077 President Jacob Zuma takes questions from the media during the elections press conference where he was clarifying on issues regarding the local government elections held at Luthuli House. 280411. Picture: Bongiwe Mchunu
077 President Jacob Zuma takes questions from the media during the elections press conference where he was clarifying on issues regarding the local government elections held at Luthuli House. 280411. Picture: Bongiwe Mchunu

'Mine nationalisation not ANC policy'

By Marianne Merten Time of article published Feb 11, 2012

Share this article:

President Jacob Zuma shot down the mooted nationalisation of mines yesterday.

“Nationalisation is not the ANC or government policy… Our policy is a mixed economy,” Zuma told the business and diplomatic community in Cape Town less than 12 hours after his State of the Nation address. “There are no mixed signals. Nationalisation is not our policy. It is very clear.”

Without naming ANC Youth League leader Julius Malema, Zuma had a dig at the poster boy of the call for the nationalisation of mines and redistribution of land without compensation: “It doesn’t mean if one person says (it), it’s policy.”

The President’s comments at a breakfast hosted by the New Age newspaper follow last weekend’s discussions on the ANC research report on nationalisation tabled at the party’s national executive committee meeting in Tshwane.

It is understood the report rejects nationalisation as unaffordable and unconstitutional after studying state ownership of mineral resources in 13 countries, including Norway and Australia.

Subsequently, Minister in the Presidency for Planning Trevor Manuel told this week’s mining indaba in Cape Town the report instead suggested innovative ways to make the most of SA’s mineral resources. “It doesn’t call for nationalisation, but it calls for new partnerships,” he was quoted as saying, adding the nationalisation debate should be resolved quickly.

But ANC secretary-general Gwede Mantashe called for a responsible debate on the issue.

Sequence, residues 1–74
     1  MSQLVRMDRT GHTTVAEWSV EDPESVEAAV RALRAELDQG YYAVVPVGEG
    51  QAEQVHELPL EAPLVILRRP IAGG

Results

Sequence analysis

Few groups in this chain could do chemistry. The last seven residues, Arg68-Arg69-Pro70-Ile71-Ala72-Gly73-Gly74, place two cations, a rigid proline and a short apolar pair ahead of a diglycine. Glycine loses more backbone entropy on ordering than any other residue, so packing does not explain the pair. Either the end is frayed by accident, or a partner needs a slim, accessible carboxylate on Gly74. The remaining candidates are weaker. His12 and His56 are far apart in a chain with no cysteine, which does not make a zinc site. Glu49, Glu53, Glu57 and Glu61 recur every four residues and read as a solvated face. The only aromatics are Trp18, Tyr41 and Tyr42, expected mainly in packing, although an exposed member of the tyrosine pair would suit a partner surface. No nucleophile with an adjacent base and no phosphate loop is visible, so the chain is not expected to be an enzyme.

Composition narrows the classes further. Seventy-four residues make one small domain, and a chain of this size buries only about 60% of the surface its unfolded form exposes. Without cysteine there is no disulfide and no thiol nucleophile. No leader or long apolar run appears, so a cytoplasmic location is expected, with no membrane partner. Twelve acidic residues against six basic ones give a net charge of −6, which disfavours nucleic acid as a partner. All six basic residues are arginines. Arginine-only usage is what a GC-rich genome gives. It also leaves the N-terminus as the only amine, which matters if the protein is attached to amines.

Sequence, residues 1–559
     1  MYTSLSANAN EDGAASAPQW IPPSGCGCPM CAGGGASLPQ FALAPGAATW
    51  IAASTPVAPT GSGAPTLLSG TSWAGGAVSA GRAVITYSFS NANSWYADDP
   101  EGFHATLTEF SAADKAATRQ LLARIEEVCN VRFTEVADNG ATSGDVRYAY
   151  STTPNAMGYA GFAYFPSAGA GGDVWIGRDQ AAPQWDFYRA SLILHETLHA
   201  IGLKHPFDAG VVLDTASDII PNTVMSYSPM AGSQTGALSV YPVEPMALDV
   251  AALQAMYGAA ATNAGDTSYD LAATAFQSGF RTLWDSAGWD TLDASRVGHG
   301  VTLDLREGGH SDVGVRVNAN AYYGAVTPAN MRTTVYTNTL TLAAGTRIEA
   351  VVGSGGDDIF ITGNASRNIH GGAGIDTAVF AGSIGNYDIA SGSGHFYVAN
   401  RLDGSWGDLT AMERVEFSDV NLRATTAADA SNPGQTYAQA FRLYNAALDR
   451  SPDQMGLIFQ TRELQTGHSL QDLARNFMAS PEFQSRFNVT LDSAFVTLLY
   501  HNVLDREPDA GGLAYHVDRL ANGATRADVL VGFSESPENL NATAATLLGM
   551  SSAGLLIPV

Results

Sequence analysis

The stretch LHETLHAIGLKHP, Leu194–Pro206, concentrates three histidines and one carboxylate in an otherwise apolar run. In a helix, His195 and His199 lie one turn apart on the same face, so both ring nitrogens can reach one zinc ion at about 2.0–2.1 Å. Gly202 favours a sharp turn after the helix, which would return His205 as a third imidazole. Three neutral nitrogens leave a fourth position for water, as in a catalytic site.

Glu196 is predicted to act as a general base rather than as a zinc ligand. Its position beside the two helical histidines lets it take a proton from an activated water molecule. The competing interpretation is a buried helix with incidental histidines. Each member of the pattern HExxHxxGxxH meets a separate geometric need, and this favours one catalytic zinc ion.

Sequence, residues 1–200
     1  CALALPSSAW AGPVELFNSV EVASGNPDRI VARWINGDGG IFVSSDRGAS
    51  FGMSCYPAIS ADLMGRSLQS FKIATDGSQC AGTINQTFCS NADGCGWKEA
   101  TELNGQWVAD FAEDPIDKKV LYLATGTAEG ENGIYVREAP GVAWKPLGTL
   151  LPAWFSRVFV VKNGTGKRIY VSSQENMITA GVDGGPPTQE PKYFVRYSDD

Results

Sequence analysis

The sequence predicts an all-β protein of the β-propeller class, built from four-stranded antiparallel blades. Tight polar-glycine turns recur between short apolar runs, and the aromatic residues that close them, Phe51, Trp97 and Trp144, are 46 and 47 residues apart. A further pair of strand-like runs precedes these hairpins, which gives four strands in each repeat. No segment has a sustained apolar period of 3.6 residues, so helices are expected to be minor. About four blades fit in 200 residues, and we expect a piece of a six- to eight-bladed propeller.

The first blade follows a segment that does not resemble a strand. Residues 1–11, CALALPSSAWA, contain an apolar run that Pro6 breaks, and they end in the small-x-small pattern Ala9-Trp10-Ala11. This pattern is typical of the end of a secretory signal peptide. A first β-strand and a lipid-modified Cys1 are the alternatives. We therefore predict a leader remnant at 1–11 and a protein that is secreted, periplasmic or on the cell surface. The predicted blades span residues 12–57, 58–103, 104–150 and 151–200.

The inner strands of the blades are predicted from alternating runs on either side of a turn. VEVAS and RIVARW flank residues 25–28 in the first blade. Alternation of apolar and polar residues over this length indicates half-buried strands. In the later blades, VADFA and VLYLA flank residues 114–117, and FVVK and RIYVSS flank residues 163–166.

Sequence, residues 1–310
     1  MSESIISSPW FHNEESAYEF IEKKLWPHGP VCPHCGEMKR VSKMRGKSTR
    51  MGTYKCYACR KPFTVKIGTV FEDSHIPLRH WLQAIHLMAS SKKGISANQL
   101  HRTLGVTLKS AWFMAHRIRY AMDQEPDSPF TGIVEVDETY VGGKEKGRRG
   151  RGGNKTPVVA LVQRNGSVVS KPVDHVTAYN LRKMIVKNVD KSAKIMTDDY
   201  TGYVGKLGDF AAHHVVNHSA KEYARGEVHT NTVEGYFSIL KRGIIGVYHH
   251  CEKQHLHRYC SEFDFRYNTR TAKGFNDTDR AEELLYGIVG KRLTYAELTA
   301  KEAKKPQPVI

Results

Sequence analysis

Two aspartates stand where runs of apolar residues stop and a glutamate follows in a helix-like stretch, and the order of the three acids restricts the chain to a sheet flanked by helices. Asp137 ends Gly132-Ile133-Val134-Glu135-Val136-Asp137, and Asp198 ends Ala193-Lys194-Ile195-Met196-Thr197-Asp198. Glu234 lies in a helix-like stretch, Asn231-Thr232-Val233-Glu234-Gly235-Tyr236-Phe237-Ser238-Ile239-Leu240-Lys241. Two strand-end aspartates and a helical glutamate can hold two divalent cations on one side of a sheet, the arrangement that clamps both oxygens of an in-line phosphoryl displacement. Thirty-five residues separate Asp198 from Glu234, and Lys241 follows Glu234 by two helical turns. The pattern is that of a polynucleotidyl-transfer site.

Zuma said while the youth league had raised the issue of nationalising mines, there was a process to be followed within the ANC. This included discussing policy documents – for the first time all citizens are able to participate as ANC branches have been asked to hold public meetings – in the run-up to the organisation’s policy conference in June.

From there, various policy recommendations will be taken to the national ANC conference in Mangaung in December for adoption or rejection.

“We don’t do these things in secret. They are open,” said Zuma. Earlier, he said the cabinet had held “robust discussions” on the future and that decisions were taken collectively.

The redistribution of land, however, appeared to be another matter. The President said yesterday it was imperative that the question of land redistribution and ownership was resolved, calling for a wide-ranging public debate on the green paper on land reform.

Released last year, it suggests a change in foreign ownership – that it be on lease rather than freehold, and that particularly in agriculture, ownership be in conjunction with black South Africans – and also suggests a state land valuer and a land management commission.

It has been criticised for being thin on details and concrete policy proposals.

During Thursday’s address, Zuma put it bluntly: “We have only distributed 8 percent of the 30 percent target of land redistribution for 2014… The process is slow and tedious and there is general agreement that the willing buyer, willing seller option has not been the best way to address this question.”

Next year marks the centenary of the Natives Land Act, which started the dispossession of land previously owned by black South Africans.